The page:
Cording is a common side-effect that develops after surgery for breast cancer.
It feels like a tight, painful cord or web of ligatures that run from the mastectomy wound or drain wounds via the armpit and upper arm to the hand. Cording can also run across your chest. It develops right after surgery or even weeks or months afterward.
Cording is also known as axillary web syndrome or AWS. It is thought to be caused by inflammation and scarring of the tissues surrounding the lymph vessels, blood vessels, and nerves.
Though most women experience cording after breast surgery – there is more focus on the prevention and treatment of lymphedema, causing many women to search for help very late for cording. The longer cording is left untreated, the tighter it becomes and the longer it takes to break down the cords.
Cording is a severe side-effect that restricts the movement of your upper limbs.
It can affect your ability to do many daily activities – for example, hanging washing, reaching up into top cupboards, or the turning movement to wipe your bottom.
When cording snaps – if you stretch – it can feel like an electric shock.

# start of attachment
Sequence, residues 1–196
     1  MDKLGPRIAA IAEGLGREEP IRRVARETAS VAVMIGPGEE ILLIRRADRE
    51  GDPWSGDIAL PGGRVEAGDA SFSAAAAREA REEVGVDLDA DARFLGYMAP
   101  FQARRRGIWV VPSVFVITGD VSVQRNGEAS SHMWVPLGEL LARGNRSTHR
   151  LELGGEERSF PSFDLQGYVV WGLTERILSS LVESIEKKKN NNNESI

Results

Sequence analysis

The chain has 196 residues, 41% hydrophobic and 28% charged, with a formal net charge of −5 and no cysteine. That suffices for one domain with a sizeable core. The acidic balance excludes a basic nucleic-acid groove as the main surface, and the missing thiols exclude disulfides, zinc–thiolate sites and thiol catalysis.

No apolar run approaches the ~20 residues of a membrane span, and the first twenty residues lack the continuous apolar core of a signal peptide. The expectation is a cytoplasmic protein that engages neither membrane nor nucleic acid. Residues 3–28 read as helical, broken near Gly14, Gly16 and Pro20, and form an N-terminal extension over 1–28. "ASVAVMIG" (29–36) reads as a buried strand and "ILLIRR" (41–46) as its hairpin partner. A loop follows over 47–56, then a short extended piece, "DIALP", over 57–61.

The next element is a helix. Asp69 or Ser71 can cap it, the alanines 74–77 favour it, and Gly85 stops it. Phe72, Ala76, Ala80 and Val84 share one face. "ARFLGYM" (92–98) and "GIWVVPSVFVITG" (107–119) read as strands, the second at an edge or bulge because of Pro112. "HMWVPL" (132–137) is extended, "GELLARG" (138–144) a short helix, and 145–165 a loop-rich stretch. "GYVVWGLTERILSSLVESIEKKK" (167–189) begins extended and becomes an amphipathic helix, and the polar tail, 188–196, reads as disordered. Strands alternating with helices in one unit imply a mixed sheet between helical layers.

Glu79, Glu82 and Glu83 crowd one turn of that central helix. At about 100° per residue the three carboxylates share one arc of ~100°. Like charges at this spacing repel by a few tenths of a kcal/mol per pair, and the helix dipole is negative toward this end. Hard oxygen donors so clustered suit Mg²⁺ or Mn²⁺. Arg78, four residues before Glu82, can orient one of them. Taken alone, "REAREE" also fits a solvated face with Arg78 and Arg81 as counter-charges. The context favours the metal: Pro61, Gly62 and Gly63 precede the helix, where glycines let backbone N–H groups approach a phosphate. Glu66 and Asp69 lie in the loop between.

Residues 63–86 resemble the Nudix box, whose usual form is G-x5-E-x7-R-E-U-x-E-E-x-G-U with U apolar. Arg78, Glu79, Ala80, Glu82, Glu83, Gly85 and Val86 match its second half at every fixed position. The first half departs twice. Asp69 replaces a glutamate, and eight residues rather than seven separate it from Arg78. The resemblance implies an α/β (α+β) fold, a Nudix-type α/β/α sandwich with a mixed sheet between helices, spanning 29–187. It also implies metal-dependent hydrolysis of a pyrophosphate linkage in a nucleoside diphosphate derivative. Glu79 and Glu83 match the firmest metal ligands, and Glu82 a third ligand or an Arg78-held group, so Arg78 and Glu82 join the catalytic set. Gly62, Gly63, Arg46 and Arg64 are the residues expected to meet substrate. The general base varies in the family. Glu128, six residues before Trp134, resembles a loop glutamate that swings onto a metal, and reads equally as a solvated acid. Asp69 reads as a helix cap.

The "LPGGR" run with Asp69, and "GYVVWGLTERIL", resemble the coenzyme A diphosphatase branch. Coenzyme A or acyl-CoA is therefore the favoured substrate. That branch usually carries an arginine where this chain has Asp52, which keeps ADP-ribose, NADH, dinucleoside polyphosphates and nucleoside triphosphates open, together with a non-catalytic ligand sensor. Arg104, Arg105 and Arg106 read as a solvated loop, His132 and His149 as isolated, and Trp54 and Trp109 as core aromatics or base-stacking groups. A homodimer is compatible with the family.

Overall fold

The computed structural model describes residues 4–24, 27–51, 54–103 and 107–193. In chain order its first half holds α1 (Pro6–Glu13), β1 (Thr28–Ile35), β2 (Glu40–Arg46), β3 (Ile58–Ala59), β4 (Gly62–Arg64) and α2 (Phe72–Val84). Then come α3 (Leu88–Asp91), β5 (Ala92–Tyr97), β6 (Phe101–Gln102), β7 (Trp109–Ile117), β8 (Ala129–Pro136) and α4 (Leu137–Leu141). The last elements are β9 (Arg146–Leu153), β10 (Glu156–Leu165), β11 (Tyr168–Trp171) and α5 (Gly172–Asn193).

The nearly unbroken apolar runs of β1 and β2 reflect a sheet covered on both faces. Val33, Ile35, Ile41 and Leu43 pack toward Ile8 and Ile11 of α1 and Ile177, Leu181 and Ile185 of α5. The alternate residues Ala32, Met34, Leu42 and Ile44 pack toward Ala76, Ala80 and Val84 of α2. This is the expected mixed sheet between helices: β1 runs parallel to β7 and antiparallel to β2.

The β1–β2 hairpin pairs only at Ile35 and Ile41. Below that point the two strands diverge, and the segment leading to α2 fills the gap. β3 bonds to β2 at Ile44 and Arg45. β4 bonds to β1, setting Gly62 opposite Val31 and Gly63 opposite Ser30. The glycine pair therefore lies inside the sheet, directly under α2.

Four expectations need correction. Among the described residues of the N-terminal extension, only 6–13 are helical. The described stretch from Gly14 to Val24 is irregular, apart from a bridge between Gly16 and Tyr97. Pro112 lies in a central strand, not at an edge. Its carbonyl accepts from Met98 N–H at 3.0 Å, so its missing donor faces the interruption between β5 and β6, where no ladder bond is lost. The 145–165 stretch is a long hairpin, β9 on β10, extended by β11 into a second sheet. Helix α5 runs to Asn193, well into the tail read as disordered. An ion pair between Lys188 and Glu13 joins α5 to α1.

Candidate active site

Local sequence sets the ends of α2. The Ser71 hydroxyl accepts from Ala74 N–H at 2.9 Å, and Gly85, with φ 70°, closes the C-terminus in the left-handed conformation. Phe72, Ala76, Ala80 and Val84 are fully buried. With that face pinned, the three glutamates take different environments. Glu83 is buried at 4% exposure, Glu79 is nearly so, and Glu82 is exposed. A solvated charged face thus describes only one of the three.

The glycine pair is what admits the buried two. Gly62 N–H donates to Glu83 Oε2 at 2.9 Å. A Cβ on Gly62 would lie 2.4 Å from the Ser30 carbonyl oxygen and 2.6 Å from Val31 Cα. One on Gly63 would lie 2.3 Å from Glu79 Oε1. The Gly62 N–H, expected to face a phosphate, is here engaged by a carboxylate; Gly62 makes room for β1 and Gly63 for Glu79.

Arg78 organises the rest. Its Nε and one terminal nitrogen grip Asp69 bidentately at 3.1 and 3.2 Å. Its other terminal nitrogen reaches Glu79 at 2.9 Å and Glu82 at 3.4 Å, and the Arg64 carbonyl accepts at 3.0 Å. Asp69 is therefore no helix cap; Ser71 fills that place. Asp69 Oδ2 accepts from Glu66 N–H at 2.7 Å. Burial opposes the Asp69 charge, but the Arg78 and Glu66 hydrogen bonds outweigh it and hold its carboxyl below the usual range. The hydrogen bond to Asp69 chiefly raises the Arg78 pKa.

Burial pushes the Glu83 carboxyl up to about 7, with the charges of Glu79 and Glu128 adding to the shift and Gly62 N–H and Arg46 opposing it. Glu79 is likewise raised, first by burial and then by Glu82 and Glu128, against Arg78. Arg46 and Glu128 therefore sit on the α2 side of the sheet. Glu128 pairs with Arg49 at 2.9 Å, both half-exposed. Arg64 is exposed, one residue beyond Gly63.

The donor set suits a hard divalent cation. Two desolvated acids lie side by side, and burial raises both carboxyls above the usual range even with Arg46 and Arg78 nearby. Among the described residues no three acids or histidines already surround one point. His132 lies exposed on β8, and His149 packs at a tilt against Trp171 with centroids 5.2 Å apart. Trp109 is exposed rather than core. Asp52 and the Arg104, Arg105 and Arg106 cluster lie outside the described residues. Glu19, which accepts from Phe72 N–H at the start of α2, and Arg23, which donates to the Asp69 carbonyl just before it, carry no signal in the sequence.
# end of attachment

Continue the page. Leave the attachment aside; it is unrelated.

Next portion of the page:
Treatment of cording
Exercise: Just after your operation: do your stretch exercises as prescribed at least twice every day
Get help early – Drains are usually removed by week 2 or 3. Ask your doctor to refer you after the removal to a therapist who works with breast cancer patients’ rehabilitation – a physiotherapist or an occupational therapist.
Manual therapy done by a physiotherapist or occupational therapist is very effective in breaking down cords. Your therapist may gently pull on the tissue in your arm, starting in the upper arm and working down toward your wrist. It may cause a cord to snap with a popping sound. It doesn’t usually hurt if this happens, and it might help you move your arm more freely. Although manual therapy is often uncomfortable, you will feel better after every session. Don’t stop sessions too soon – cords can form again.
Swimming laps is the best exercise for lymph drainage, and it helps regain your arms’ full mobility.
Massage – softly massage your wounds and areas where cording has formed twice daily in between your therapy sessions or at the times when you feel a burning sensation in the specific locations.
Keep doing exercises aimed at keeping your arms supple, preventing cording permanently, and keeping your arms in good condition.
Laser therapy is a small device that breaks down cords by sending low-level beams to the ligatures. It helps break down scar tissue.
Maretha Logie- Traut: Breast cancer rehabilitation / Lymphoedema Therapy OT ZONE
After surgery | Breast Cancer Now. https://breastcancernow.org/information-support/facing-breast-cancer/living-beyond-breast-cancer/after-surgery